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••• The International Writers Magazine -

A few days in Amsterdam
• Sam North
A perfect city break when the sun shines


I am one of the hordes. Myself and my elderly sister. I discovered she'd never been there so plans were made. She can't fly anymore but luckily Eurostar goes to Holland direct from London and it is a very civilised way to go.

There has been a lot of talk lately about resistance to mass tourism. There have been riots in the Canaries and Venice as people protest at the vast numbers of tourists that swamp these places. Venice has just introduced a 5 Euro daily change, 50 might be more effective. Amsterdam is no different, they charge a hotel room tax. My heart sank when I got off the train and saw the hordes meandering ten deep along the canal sides.  I was very glad I had picked a hotel far away from Central Station. As to why the tourists seem to hang around in one place is a puzzle to me; there are so many other parts of the city to discover. 

Sir Albert Hotel We left London on the Eurostar at around 8.15 am and by 1 pm (local time) were on the tram to our destination Sir Albert Hotel on Albert Cuypstraat. Once it was a Diamond Cutting factory, now a mid-luxury hotel. Good rooms, an Asian Fusion restaurant downstairs and a short stroll to trams and the Metro. The area is great for little shops selling unique items – such a contrast to our devastated empty high streets with the same chains selling the same tat.

My sister was a bit surprised to discover semi-naked women standing in windows right next door to the hotel in such a nice neighborhood but hey, it's Holland, different rules apply.

© Sir Albert Hotel - Amsterdam

Albert street market is always busy and De Pijp is a stones throw from the Oud Zuid area with its fancy restaurants. The Van Gogh gallery and Vondel Park is a brief stroll away too.  We walked mostly everywhere and found different places to eat or have coffee on almost every corner. (Not all have toilets - be warned). Nothing is cheap. Whatever your budget is, double it.  The Dutch seem to exist on an odd diet of egg, cheese and bread. If you’re are lucky you might get some hummus but with the exception of our very last meal nary a vegetable is served with anything, not even available as extras. 
            We ate at Factory Girl for breakfasts on Saenredamstraat – but be warned they spread garlic oil on the toast! Luckily there is an inexpensive Pizza place across from the hotel (Monte Verde) and another fifty yards further down with delicious thin crusts. (Pazzi De Pijp).


My poor sister hadn't quite realised what she'd signed up for and was astonished she was walking at least 18,000 steps a day but loved the architecture and the Wisteria that climbed around many houses. They are digging up all the streets to remove parking, placing plants where cars used to be. It's not a city for old people, that's for sure. All the stairs in every narrow building, and you're expected to ride a bike. Good luck with that when you're 80+.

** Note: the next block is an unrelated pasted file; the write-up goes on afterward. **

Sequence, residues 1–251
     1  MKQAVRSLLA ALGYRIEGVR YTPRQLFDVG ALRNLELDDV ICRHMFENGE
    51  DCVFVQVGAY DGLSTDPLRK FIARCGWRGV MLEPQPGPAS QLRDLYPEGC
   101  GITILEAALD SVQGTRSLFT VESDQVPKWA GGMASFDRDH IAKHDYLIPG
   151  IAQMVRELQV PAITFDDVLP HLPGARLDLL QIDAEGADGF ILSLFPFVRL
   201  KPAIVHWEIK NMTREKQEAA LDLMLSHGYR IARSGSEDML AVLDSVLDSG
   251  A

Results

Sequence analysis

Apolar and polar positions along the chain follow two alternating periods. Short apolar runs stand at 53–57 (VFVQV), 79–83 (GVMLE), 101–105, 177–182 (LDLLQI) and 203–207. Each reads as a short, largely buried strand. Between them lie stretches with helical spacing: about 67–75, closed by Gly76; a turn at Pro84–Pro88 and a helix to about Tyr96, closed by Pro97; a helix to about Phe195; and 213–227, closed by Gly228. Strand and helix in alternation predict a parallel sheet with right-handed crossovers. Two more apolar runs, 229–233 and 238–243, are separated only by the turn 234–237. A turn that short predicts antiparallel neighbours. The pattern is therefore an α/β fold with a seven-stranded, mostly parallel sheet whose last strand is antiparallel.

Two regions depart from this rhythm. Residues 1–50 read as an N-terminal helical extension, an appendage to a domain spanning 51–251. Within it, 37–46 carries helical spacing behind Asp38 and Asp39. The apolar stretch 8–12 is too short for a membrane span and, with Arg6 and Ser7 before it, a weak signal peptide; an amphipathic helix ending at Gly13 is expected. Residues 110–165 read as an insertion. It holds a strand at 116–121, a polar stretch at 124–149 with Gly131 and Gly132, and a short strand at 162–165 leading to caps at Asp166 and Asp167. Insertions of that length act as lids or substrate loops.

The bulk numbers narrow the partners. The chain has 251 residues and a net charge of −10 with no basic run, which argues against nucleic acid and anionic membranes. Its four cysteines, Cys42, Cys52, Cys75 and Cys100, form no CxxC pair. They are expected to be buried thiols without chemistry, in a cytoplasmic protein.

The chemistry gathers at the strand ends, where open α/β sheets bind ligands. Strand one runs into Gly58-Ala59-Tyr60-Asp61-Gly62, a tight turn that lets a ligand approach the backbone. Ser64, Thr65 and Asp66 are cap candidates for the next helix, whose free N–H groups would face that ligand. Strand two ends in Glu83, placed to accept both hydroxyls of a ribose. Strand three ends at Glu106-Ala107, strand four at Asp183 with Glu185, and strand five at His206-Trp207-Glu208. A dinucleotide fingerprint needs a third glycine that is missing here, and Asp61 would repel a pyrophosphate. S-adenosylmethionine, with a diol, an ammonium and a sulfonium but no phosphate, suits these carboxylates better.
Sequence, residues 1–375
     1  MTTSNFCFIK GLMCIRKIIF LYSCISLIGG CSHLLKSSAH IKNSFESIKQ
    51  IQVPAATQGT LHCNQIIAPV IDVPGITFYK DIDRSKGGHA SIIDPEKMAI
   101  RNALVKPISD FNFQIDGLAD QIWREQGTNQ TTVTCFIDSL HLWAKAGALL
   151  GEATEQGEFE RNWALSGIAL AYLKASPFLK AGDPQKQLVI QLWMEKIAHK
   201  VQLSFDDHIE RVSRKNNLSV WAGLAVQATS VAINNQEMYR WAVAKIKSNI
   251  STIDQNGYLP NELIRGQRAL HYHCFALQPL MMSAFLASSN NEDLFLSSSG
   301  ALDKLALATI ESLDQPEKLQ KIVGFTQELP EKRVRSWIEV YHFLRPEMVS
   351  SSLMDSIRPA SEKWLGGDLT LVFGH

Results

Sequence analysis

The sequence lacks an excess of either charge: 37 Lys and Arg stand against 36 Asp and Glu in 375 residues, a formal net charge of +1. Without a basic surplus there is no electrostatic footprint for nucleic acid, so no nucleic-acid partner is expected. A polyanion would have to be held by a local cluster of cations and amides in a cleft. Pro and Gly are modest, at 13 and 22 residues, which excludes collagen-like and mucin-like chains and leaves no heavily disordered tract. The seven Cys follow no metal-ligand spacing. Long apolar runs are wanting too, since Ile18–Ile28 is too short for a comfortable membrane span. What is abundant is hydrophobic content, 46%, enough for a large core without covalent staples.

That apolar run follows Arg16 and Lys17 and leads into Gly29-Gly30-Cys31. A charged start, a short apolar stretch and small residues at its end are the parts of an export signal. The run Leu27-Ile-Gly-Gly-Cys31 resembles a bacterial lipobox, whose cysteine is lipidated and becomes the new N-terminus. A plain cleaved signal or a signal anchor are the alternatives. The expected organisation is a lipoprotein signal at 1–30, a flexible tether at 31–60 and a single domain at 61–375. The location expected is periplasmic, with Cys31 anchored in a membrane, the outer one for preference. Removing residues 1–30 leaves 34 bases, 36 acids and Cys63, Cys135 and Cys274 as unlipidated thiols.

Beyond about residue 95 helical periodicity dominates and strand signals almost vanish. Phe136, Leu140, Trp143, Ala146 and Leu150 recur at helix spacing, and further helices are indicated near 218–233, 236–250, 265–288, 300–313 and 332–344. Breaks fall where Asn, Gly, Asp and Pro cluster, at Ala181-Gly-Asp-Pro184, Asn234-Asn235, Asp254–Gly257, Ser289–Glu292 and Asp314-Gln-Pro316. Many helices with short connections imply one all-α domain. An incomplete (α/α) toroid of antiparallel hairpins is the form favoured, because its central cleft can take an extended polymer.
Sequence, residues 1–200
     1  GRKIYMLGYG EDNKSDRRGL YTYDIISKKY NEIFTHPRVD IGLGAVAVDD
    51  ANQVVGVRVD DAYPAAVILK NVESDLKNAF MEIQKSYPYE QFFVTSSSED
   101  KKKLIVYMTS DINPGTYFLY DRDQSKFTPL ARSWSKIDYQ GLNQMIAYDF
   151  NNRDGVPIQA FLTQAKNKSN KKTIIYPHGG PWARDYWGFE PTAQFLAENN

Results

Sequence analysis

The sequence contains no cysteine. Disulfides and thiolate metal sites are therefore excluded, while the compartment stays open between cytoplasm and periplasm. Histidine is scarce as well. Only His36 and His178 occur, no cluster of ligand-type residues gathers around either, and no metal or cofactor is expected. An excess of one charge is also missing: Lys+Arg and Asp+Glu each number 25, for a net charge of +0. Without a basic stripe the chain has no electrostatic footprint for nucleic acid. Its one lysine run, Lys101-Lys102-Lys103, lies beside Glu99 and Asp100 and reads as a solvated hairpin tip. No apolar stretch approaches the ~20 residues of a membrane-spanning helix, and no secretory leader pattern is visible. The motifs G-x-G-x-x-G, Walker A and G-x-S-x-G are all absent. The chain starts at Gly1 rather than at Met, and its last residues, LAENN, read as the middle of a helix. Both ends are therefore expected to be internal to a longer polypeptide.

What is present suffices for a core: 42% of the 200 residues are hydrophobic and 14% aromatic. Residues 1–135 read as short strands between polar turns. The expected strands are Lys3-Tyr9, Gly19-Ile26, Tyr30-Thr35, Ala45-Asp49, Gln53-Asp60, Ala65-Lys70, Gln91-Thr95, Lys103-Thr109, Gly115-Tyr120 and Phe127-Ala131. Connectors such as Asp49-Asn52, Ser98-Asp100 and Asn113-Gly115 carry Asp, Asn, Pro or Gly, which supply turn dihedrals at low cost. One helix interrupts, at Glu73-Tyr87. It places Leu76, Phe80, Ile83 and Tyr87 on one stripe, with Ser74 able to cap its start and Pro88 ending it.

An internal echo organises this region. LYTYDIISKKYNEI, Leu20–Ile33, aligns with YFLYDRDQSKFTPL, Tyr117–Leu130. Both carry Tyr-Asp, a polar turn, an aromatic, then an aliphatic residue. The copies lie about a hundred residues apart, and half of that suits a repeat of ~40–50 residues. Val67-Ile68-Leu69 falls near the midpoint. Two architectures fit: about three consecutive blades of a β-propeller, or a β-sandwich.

On the third day I wanted to go to Foam, the photographic gallery. 16 Euros to get in. Not much thought gone into display or the content. This was the only disappointment of the trip really.

The highlight of that day was running out of the rain to the Tuschinski Cinema by the Flower Market (first opened in 1921) to see Civil War directed by Alex Garland. Wow, it makes a huge emotional impact. Needed a stuff drink after that. The Tuschinki is all lush red velvet and even has the old opera boxes. I am so happy that at least one old cinema with style still exists. The ceiling is beautiful.
Photo: Tuschinski Cinema Tiffany lamp

Amsterdam is a great place to just walk, admire the buildings, watch all the people queuing to get into the art galleries. (You have to book online now).  You often wonder how some of the buildings are still standing upright they lean out so much. People are friendly and we met some interesting World Bank people and compared lifestyles. (Theirs' wins as long as you are prepared to cycle 20k a day and back to take the kids to school!)

My sister took one of the days to head off to see the Tulips. A train ride away.  Not quite my cup of tea. I took the opportunity to write in a nice old-fashioned coffee shop and eat the wonderful apple tarts on offer.

For convenience buy a tram ticket when you arrive to cover the days you are visiting. I bought a 72 hour ticket that begins the first time you use it. The ticket machine is simple to use and has English options.
1st Klasse We had time to kill on our last day and discovered to our delight the amazing 1st Klasse restaurant at Grand Central Station. The menu is brilliant, there’s a squawky parrot on the counter and they serve vegetables with the curry. It’s full of locals who aren’t catching trains but know a great restaurant when they see it. (It’s right at the far end up some steep stairs).  It has all the style of an ancient Ocean Liner, the staff have been there years. Eat there, first and last I advise but don’t tell anyone else it’s there.

Photo: 1st Klasse

Eurostar home, four hours and on time. None of the stress or restrictions of flying. A pleasure.

© Sam North 1st May 2024
author of Another Place to Die: The Endtime Chronicles & Diamonds - The Rush of 1872

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